Tile is NOT Waterproof

by Roger

A common misconception about tile and grout is that they are waterproof. Once you install tile in your shower you have a big waterproof box that will last forever. Ummm, no.

Tile and stone (as well as grout) will actually retain water. How much water it retains is directly related to the density of the tile. For instance, porcelain tile is much more dense than travertine. This means that travertine will retain more moisture and allow more water to seep through¬† to your substrate. If you happen to have travertine in your shower – don’t panic. As long as it was installed properly it will be fine.

So how do they figure this out?

When a specific type or brand of tile or stone is manufactured for production, the company will determine its density. There are four different categories into which each tile may be placed.

This is determined by weighing the particular tile, submerging it in water for a period of time, then weighing it again. The difference in the two weights determines the density or absorption of that product. Basically how much water it holds. It will then be placed into one of the four categories.

  • Non-vitreous: These are tiles that absorb 7% or more of its body weight. These are for indoor use only, normally on vertical surfaces such as backsplashes and wainscots.
  • Semi-vitreous: These absorb between 3% and 7%. These are also for indoor use only.
  • Vitreous: Absorb between 0.5% and 3%. These tiles may be used for interior and exterior applications.
  • Impervious: These are the most dense (porcelain) and absorb between 0.001% and 0.5% of their weight in water. They are suitable for all applications.


Depending upon where you intend to install the tile you may need to consider this. In most cases it’s not an issue. Only in the most extreme or unusual circumstance will you need to take into account the category of your particular tile. A tiled patio in Alaska, for instance. If you have a tile that absorbs a considerable amount of moisture and it freezes, well, you’re gettin’ a new patio.

The biggest factor to consider is the amount of water to which the tile will be exposed. (Along with the possibility of freezing, of course.)¬† For anything up to and including a regular shower, it isn’t necessarily an issue. These applications, using proper methods, should be at least water resistant before a box of tile is even opened.

Why is this an issue?

With any tile application, the durability of the tile will be only as good as what is beneath the tile! Let me say type that again – that again.

If you have a wall in your shower with just plain drywall and you stick your tile to it, it may look good for about a year. It may look good for much longer. But, if moisture gets behind the tile (and it will) through the drywall, to the framing studs, well, you’re screwed.

Your framing studs are (most likely) just simple 2 X 4’s. If even a minute amount of moisture from your shower reaches it all hell’s gonna break loose. Common studs will do what we call “wick” moisture. It is aptly named because it acts just like a candle wick (tile guys are simple folk).If you place one end of a candle wick in water the other end will be soaked in short order. Wooden studs do the same thing.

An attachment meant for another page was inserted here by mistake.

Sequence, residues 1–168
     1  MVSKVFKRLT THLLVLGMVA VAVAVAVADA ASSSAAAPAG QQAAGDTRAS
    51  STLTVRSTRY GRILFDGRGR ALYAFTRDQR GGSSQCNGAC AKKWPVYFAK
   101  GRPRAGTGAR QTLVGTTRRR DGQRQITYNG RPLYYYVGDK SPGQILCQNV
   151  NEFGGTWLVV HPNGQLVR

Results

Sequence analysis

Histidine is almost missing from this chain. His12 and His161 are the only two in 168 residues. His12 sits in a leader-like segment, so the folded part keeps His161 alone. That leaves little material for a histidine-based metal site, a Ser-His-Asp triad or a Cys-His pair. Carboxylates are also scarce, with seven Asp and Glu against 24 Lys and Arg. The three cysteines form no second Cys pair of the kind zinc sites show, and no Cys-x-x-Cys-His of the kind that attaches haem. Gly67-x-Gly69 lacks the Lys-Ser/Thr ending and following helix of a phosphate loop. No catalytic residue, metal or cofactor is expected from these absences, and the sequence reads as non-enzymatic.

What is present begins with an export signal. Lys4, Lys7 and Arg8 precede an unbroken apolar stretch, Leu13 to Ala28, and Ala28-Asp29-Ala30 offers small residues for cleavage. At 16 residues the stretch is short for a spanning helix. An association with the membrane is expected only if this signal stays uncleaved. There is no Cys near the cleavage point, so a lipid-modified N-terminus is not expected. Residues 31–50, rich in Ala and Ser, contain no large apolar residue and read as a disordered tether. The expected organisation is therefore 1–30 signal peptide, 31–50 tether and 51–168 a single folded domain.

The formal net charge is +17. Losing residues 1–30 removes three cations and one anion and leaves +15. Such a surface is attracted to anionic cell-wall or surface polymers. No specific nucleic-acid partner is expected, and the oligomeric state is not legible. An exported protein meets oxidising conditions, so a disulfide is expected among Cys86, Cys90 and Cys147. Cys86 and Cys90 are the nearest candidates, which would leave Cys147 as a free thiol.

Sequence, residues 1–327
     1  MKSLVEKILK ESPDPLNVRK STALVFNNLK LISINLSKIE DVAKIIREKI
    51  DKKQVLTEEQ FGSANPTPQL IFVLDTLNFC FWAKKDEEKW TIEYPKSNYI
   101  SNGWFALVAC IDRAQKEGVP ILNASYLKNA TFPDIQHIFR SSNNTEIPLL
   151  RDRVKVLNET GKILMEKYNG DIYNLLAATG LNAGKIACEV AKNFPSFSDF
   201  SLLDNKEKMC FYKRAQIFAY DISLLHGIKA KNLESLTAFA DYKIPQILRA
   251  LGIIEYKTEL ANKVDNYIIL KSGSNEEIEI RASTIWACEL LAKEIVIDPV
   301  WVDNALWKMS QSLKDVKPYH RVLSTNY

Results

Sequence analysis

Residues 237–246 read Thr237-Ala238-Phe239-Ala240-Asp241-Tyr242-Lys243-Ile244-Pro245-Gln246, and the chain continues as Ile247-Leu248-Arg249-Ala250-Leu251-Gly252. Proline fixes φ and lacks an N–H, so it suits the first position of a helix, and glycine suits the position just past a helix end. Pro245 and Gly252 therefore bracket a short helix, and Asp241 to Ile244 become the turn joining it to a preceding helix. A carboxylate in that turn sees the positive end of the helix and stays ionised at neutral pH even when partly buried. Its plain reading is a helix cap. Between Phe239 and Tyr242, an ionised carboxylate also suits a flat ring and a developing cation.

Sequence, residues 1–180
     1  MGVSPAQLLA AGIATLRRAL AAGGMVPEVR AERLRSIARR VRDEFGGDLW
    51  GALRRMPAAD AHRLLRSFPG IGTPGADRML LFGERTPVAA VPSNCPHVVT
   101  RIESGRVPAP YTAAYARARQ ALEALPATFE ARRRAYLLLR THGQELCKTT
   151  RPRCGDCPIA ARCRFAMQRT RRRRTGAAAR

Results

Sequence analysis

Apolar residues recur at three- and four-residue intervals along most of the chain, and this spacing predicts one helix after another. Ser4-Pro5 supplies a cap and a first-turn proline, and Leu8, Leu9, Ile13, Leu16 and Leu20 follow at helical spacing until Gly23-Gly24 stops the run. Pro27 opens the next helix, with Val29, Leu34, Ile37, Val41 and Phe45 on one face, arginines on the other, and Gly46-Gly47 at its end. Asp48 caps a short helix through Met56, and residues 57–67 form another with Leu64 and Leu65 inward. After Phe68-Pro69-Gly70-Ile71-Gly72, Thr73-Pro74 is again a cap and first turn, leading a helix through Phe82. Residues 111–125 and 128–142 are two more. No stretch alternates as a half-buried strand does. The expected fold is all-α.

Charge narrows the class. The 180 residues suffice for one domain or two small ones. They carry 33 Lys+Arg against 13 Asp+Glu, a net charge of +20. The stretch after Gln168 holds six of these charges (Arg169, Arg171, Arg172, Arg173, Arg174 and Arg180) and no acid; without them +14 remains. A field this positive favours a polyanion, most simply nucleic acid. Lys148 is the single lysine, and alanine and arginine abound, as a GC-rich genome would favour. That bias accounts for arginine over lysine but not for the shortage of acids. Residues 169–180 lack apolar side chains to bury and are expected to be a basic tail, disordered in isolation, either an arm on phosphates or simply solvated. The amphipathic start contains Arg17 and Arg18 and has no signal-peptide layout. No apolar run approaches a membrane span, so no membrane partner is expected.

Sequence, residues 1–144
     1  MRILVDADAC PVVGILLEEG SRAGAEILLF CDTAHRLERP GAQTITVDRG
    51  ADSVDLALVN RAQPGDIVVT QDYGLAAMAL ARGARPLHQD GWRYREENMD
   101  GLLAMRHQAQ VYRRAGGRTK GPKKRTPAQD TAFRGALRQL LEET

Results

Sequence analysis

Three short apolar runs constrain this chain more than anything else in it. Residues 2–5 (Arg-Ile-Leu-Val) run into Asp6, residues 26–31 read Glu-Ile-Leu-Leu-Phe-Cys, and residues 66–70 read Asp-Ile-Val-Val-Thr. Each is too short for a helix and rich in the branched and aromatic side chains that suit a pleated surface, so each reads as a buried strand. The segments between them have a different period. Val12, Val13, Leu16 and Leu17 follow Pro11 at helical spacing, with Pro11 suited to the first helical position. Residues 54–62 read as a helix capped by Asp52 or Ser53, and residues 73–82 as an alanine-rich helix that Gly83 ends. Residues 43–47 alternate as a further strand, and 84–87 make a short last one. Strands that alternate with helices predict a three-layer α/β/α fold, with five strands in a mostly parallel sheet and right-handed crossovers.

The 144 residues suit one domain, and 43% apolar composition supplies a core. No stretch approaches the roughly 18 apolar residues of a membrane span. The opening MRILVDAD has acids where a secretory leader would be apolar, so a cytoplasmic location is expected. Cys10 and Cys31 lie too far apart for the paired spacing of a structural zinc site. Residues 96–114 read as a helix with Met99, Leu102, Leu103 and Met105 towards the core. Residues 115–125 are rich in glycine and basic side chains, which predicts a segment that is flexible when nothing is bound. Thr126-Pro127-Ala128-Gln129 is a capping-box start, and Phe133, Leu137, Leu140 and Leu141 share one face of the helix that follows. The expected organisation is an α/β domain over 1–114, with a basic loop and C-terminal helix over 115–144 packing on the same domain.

Think of it as a water highway. The water will simply continue along that same path until it finds something else to soak into. That something else is more wood. When wood gets wet it . . . wait for it . . . swells. Normally that swell has only one place it’s going – right against the drywall and into the back of your tile. Tile’s will crack, grout will crack, your patience will crack, and the end of the world will be right around the corner. You get the idea.

This is not (normally) a subject that needs to be considered when installing tile on your floor. A shower (or other wet area) is unique in that it is subjected to a great amount of water on a regular basis. Unless your kitchen is a swimming pool you really don’t need to be that concerned about it.

Just understand that tile and grout are not waterproof so care needs to be taken to eliminate as much moisture from the surfaces as is realistic in any given application. You know – don’t make your kitchen floor a swimming pool.

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Pat

Because of two, “100 year” floods, we have replaced the basement flooring twice in six years in our raised ranch. Now we are going to install porcelain tile down there. We NEED the living space. In the meantime our adult children are almost at war over the “temporary” living/sleeping arrangements.

Anyway, the tile I’m looking at is a faux wood plank style from Lowes. For the best look we will want very small grout lines. What’s the best grout to use (sanded/unsanded)–and do you have any other tips on how to make this the LAST floor we install for a very long time? We are first time homeowners and novices at all things DIY.

Thanks!

Reply

Roger

Hi Pat,

Grout line size depends on the tile consistency. 1/8″ is doable, but you need to take your time with it. If you use a good membrane beneath your tile, like ditra, if it ever floods again the floor won’t be affected by it.

Reply

Julie

Forgot to mention that the grout appears to get wet only sometimes when the shower is running, but not always. It also appears wet when the shower has not been running.

Reply

Roger

Same answer. :D

Reply

Julie

We have ceramic tile in our shower and on the bathroom floor. Water is seeping through the grout on the floor tiles just outside of the shower pan. What could be causing this?

Reply

Roger

Hi Julie,

An improperly waterproofed shower floor.

Reply

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